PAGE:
The State of Digital Transformation in Government
MeriTalk, in partnership with DocuSign, recently surveyed 300 federal, state and local government IT and program managers to understand their perspectives on digital transformation.
While 60 percent of respondents say they have felt a “significant” shift in digital transformation in the past two years, only 37 percent characterize their organizations’ approach to digital transformation as advanced, meaning they are “aggressively expanding digital services and digitizing internal processes.” A majority (56 percent) describe their digital transformation as intermediate, saying they are “making progress digitizing incrementally where possible.”
Despite that, 88 percent say they face roadblocks to transformation. The key barriers include security or data privacy concerns (33 percent), lack of available budget (30 percent), resistance to change from end users (28 percent), and lack of a skilled IT workforce to implement transformation (27 percent).
Respondents say they need workforce training and education (51 percent) to advance digital transformation, along with committed, multiyear funding (39 percent) and shared best practices across all levels of government (39 percent).
Leading organizations are more likely to focus on improving data management to streamline workflows and reduce redundancies, according to 54 percent of IT leaders surveyed, and 50 percent say they are expanding their use of cloud service providers certified under the Federal Risk and Authorization Management Program and its state-level equivalents.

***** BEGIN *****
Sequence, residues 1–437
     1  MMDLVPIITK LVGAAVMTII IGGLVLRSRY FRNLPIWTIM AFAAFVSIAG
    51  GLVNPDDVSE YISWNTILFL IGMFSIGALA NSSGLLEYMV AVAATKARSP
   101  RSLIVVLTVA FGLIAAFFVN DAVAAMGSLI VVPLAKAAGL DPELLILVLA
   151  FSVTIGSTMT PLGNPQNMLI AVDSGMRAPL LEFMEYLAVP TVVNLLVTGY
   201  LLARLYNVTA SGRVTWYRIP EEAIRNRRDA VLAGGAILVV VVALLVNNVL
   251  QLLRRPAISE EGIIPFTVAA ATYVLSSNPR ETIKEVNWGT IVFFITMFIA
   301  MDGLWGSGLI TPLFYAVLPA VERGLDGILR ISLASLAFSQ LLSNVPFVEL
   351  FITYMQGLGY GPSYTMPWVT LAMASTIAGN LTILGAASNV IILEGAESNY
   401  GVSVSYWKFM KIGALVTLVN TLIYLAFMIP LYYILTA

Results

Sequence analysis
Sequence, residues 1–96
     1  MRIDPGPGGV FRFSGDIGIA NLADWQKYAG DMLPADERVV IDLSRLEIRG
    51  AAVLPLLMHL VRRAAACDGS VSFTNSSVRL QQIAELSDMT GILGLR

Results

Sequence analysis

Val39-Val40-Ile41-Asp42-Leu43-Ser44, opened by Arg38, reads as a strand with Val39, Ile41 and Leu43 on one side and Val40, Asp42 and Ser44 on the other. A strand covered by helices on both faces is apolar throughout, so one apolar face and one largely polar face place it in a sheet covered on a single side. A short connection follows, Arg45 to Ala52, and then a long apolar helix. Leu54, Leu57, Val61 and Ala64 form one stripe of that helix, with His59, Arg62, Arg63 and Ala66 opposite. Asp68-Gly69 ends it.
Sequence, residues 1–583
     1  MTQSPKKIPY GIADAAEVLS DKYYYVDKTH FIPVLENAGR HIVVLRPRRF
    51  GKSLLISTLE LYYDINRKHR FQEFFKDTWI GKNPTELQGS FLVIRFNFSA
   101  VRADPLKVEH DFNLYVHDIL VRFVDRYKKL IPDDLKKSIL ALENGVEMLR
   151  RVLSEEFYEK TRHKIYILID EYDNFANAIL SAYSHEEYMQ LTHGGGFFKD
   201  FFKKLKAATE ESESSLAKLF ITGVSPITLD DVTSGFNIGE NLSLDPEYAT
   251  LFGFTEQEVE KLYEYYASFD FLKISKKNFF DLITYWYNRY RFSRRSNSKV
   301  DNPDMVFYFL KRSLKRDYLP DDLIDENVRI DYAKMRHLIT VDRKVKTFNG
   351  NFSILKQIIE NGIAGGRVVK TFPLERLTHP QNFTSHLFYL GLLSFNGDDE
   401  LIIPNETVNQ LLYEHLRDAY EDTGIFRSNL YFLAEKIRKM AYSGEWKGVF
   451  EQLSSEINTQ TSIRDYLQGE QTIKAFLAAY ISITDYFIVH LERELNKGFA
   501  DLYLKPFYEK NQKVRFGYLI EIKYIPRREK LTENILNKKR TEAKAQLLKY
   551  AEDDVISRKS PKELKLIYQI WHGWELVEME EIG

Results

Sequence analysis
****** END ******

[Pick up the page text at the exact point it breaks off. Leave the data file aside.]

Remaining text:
How Federal IT Leaders Are Pursuing Digital Transformation
Federal IT leaders have recently offered their own viewpoints for how agencies can best achieve digital transformation. One clear area to work on, they say, is investing in talent.
During the ATARC Digital Transformation Virtual Summit in January, Gulam Shakir, the CTO and acting director of enterprise data management at the National Archives and Records Administration, endorsed this idea.
Shakir said that agencies need to invest in their staff to rapidly innovate their digital capabilities, MeriTalk reports. “Give them the opportunity to train and try to give them a safe place to experiment, to explore different technologies.”
That work allows IT leaders to “create a sense of ownership” for transformation among workers and increases their ability to take risks in a safe environment. “And then, when the opportunity comes along, when there is a need, you have a task, you have a workforce that’s ready to take on the challenge immediately so that they can help you on the innovation journey,” he added.
Chezian Sivagnanam, the chief enterprise architect at the National Science Foundation, said staff should be involved in transformation efforts and need to evolve along with the technology itself. “As we go through your digital transformation, do not forget your people, your staff, your workforce. You know, find a way to take them alongside,” Sivagnanam said. “Whatever you innovated, if your staff or your customers are not adapting, the whole innovation is a waste of effort. So, make sure you invest in them.”
Other IT leaders say that to be successful in digital transformation, leaders need to articulate a clear technology vision of how modernization helps enhance the agency’s ability to deliver on its mission.
Jill Marlowe, digital transformation officer at NASA, speaking at the ATARC event, said that vision “is the topic that has to precede any events or any true discussion about digital transformation, because if you do not know what change you’re trying to bring about, then your digital strategy is likely to be more of a digitization than a true digital transformation strategy,” MeriTalk reports.
Marlowe noted that NASA’s digital transformation initiative began about a year ago with meetings with senior agency leaders “to get their insights on how NASA needed to change, what was keeping them up at night in terms of where we needed to pivot.”
Those efforts have allowed NASA to define its digital transformation goals, MeriTalk notes, which include improving complex decision-making, allowing partners to more easily work with NASA, and evolving the workforce experience.